I am about to enter my fifth month of doing yoga almost daily. In my younger years, I was one of those who was naturally flexible and I loved stretching; I had some confidence that I’d be fine if I persisted. Being honest, I did feel being/having fat gave some limitation on certain moves which is most noticeable in those first few days. I wanted to write about how yoga can be done even if you’re not skinny and flexible and this intention had me searching for pictures of the fatties doing yoga; although I couldn’t find any with the search terms I was using.I eventually found references to a couple of people on Instagram who are large and posting pics of themselves as ‘body positive’ role models. I think it’s beyond stupid to link ‘body-positive’ with obesity; it ain’t healthy, not physically nor psychologically. But, this is an introduction to my own journey with yoga so I’ll be taking a closer look at social attitudes to our bodies on another day.
Fat or Inflexible?
Yoga can be done by the clinically obese; I’ve seen pictures so it happened. Seriously, though, I saw enough to be convinced that it’s possible and am now of the opinion that my own initial difficulty was probably down to lack of practice rather than the size of my gut. I was nowhere near obesity when I began, I was only just grabbing at the end of the bar of what can be considered healthy.
Positive Health Effects
I’ve come across way too much information extolling the apparent health-perfection which yoga offers (it’s not a phenomenon specific to this group by any means). The truth is, there is little hard science to back up the majority of the claims. That being said, solid clinical evidence does exist for its ability to lower back pain and reduce inflammation. Anecdotally speaking, my posture and attitude towards my health, in general, have both improved significantly. Regular practice, especially done at home, has been instrumental in helping me to establish a more caring attitude towards what I eat and how I treat myself in general. I know it’s cliched and a bit cheesy, but yoga really has helped me to clean up my act physically and mentally.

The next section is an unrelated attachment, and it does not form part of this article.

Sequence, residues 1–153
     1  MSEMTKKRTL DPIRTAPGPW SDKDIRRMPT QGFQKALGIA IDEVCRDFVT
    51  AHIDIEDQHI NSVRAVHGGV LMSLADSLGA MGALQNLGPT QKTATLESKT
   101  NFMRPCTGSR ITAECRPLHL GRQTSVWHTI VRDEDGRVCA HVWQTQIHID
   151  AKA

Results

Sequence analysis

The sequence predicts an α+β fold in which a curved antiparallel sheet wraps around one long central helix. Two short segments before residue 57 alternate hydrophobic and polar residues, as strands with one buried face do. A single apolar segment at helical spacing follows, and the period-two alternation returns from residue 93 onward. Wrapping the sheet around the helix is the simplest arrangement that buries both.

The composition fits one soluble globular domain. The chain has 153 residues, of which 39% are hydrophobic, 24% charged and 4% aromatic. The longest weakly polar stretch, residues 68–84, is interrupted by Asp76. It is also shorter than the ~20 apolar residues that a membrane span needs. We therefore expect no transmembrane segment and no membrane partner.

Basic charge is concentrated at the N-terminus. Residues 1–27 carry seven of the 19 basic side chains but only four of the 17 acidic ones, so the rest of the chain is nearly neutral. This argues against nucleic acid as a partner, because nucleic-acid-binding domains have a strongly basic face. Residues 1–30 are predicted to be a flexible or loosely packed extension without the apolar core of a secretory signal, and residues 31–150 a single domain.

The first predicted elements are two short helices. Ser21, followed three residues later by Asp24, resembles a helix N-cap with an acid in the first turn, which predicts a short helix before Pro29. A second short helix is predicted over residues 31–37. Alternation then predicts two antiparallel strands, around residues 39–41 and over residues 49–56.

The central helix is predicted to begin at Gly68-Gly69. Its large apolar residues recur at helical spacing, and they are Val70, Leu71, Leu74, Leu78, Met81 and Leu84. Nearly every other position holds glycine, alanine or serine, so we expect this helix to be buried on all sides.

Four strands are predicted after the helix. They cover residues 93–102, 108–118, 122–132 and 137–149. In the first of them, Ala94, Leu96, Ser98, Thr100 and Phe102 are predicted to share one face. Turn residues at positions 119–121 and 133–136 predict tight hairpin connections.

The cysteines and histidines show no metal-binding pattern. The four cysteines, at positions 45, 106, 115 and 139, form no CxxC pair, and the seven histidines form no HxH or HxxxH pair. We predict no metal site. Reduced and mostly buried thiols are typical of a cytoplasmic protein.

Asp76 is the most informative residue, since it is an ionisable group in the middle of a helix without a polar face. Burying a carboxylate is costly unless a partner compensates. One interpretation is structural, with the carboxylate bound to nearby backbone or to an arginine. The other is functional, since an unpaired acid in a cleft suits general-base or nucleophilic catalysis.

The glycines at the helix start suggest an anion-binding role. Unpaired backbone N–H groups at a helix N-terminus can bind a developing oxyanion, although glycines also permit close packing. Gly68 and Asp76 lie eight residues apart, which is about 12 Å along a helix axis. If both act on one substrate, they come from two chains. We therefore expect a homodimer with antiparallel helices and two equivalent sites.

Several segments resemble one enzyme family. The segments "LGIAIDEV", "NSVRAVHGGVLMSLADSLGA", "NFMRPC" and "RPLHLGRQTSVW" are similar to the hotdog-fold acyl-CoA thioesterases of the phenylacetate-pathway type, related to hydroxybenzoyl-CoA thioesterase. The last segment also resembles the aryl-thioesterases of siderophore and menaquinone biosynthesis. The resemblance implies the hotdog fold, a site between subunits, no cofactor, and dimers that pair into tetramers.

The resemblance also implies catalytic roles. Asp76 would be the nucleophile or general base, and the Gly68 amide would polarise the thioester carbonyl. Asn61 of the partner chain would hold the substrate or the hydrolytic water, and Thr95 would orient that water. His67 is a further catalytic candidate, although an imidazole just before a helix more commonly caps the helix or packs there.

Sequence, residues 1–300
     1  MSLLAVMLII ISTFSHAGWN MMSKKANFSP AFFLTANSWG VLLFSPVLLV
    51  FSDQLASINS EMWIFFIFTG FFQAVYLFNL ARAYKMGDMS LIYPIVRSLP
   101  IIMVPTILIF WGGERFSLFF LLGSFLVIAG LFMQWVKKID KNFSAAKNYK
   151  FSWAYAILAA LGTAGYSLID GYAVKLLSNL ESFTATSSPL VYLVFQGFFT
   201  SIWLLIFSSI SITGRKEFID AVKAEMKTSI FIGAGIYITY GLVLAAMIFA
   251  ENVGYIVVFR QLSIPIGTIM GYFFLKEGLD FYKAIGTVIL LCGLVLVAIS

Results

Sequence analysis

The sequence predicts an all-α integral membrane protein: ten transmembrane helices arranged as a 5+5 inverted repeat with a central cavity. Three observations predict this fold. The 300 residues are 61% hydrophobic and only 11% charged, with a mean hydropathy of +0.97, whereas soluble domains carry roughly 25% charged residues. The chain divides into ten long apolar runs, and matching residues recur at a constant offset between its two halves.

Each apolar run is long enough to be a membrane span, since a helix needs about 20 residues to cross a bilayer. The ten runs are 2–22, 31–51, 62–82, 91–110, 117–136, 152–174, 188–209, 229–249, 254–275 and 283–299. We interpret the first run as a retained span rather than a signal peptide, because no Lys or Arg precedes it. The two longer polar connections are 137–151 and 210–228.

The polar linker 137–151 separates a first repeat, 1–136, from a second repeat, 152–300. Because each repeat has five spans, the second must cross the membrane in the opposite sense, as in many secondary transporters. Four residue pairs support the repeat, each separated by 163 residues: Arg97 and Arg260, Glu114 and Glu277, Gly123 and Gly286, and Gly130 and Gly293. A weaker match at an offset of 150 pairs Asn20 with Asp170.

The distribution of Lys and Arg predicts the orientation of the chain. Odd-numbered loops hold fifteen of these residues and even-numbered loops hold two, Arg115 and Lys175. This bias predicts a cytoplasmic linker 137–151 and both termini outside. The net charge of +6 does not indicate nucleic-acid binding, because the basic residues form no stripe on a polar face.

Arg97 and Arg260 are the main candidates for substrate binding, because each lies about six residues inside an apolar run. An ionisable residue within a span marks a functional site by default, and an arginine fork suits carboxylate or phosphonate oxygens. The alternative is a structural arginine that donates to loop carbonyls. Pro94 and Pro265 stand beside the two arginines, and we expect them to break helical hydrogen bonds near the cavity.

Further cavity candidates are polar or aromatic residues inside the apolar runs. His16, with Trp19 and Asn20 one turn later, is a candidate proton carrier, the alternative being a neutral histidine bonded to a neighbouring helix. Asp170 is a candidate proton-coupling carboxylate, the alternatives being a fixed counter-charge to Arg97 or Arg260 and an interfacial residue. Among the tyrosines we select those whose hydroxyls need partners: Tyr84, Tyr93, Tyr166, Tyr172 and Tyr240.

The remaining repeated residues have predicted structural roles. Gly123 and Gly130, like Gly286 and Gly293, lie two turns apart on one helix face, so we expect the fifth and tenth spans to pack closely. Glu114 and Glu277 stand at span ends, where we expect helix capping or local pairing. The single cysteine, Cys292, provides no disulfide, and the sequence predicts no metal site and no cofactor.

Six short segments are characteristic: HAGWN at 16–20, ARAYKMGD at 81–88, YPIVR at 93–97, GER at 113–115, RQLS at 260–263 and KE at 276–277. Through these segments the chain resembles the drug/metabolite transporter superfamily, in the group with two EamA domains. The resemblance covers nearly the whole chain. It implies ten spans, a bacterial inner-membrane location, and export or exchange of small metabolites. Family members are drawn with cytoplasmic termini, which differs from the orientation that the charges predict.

What it Doesn’t Do
Unless you’re doing one of the extremely active styles you’re unlikely to lose much weight and toning up will take forever. You need to look elsewhere for your cardio.
Why I’m Doing It
I’ve been avoiding the cross-trainer for the most part, so I’m fairly sure the changes I’ve experienced in my mind and body have come from the yoga and diet alone. Altogether since late April, I’ve lost around nineteen pounds. Slow and steady progress but a good achievement considering I chose to change my diet rather than simply go on one. I’m doing yoga most days because I spend too much time sitting on my arse and I see it as a way to be kind to myself. Whilst I have always had a good level of communication with my body, I’ve found a daily practice has helped me to become considerably more pro-active in responding to the messages I get from my inner self. I put more effort into posture when I’m sat at my desk and will stretch what I can whilst sitting throughout the day. I was dieting before the yoga, but these days I’d rather eat better because I don’t want an overloaded stomach before I do a session (which is often late in the day). In short, I find yoga supports the effort I was already making and as a result, it’s made my life easier. When I say my life, what I mean is, my general well-being. I hope to continue my almost daily practice for the foreseeable future.
A Place To Begin
I’ve stuck with freebie youtube vids for my home practice. I tried a few before settling with Adriene who offers subscription-based stuff too, but I love that you can access a boat load of her content for free.
I tend not to worry about diving into something headfirst and never bothered to get to grips with the basic poses. However, for those of you who prefer to do things in order, here’s a playlist of all the basic poses.